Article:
By Max Clarke

Barclays Bank, HSBC, Lloyds Banking Group and RBS Group have all voluntarily agreed to review and, where necessary, improve the way they sell will-writing and executor services following discussions with the Office for Fair Trading (OFT).

The OFT approached the four banks during 2010 as part of a wider effort to improve the will-writing market for customers and their beneficiaries, following concerns that some consumers were appointing professional executors without fully understanding the likely costs and the alternative options.

The four banks have agreed to meet three key principles, to ensure customers are able to make well-informed decisions:

* Consumers making a will should not be led to believe that appointing a professional executor is essential or the norm.
* Consumers should not be encouraged to appoint a professional executor unless it is clearly in their best interests.
* Providers should be satisfied, before the will is drafted, that the consumer has the information necessary to make an informed choice. The consumer should understand the options around executor appointments and be aware of the likely basis of charging for the professional executor service.

All 'big four' banks are currently reviewing their product literature and processes and any necessary changes should be in place within six months at the latest.

There is no requirement in law to appoint a professional executor, although, according to a survey published by the OFT last year, some 43 per cent chose to appoint the professional will-writer or solicitor who wrote their will. While the costs for preparing a will can be relatively modest, the costs for a professional executor to administer an estate can be high and vary considerably. For an average estate, consumers can pay between £3,000 and £9,000. Failing to shop around for executor services could be costing UK consumers around £40 million a year, according to OFT estimates.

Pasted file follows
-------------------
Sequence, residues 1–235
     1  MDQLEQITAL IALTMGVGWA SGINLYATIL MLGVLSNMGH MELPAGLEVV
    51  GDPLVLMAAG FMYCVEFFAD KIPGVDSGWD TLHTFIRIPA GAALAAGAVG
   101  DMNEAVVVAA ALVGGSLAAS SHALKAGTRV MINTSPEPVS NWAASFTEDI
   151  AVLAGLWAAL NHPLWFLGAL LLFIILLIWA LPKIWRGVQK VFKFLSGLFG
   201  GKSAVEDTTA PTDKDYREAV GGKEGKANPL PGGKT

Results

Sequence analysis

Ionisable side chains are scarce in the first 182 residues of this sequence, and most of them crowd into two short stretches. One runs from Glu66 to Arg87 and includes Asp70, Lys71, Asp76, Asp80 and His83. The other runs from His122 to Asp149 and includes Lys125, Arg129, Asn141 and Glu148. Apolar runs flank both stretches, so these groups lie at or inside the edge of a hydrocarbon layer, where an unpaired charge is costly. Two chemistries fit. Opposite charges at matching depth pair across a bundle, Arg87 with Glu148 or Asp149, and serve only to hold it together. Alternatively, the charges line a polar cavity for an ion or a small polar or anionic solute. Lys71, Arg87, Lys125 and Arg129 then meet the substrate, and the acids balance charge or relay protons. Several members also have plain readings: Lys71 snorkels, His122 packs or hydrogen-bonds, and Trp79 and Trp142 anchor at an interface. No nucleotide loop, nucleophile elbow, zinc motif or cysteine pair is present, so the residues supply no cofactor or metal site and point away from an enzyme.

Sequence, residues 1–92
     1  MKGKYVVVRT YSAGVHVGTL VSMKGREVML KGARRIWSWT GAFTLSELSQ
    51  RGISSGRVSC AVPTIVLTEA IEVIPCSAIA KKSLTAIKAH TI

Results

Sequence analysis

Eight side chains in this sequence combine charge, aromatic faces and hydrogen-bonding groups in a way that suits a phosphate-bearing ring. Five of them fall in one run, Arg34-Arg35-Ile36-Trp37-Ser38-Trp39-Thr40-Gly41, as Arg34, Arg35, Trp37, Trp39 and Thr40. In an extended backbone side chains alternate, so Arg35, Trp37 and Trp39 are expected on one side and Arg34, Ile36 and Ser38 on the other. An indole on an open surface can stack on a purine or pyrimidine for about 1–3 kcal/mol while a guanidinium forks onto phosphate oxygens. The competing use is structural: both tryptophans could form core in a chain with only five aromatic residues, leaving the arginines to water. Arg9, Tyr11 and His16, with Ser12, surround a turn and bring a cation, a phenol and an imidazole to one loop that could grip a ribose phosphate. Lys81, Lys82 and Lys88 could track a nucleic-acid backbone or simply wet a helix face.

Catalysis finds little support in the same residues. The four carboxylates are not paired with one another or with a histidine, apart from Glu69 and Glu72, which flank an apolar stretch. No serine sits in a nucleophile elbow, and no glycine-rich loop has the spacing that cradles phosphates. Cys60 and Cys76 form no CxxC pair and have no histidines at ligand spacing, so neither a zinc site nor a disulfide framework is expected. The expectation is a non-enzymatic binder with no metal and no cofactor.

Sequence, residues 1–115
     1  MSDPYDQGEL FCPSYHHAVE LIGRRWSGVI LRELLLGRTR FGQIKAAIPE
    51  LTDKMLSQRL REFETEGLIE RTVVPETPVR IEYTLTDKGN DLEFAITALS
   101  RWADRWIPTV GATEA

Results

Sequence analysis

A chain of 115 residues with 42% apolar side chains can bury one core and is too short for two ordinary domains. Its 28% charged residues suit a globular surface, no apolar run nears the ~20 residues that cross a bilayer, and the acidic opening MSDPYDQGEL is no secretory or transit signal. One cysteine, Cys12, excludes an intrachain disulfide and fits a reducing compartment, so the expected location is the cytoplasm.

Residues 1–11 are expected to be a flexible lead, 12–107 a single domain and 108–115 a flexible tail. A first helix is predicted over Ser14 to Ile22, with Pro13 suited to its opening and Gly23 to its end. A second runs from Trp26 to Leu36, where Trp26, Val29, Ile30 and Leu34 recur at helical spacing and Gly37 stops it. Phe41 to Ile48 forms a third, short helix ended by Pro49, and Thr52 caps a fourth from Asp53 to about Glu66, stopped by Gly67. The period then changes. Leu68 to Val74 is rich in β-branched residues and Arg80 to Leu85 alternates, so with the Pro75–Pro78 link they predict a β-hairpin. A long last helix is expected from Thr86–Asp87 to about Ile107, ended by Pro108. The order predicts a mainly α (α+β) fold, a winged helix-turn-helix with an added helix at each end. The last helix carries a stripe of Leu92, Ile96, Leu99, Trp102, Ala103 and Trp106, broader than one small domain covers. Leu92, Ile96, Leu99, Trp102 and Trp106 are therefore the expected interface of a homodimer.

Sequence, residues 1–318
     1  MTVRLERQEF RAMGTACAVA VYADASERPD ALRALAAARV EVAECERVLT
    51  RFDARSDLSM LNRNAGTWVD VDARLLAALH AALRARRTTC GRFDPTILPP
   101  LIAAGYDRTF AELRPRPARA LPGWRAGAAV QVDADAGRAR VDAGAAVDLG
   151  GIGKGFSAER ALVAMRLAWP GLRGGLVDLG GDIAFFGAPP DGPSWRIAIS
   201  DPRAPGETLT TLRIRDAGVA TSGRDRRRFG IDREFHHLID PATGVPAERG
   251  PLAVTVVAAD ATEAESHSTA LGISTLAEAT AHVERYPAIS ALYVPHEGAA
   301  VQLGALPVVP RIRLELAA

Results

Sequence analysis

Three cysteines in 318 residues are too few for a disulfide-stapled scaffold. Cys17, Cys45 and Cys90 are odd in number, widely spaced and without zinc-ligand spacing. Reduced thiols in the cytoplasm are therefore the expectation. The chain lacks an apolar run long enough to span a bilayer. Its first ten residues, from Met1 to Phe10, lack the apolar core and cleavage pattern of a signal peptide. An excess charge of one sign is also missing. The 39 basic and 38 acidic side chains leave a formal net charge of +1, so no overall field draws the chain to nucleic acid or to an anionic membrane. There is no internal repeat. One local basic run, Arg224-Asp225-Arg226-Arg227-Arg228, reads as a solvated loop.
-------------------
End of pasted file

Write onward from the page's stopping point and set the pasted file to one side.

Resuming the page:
David Stallibrass, Director in the OFT Services and Public Markets Group, said:

'The wrong decision when appointing executors could mean a potentially expensive professional service is chosen, when a family member or friend may be quite capable of handling the task either alone or with professional support. We are pleased that each of the banks has agreed to review its selling practices and marketing literature to ensure customers are getting the information they need to make informed choices.'

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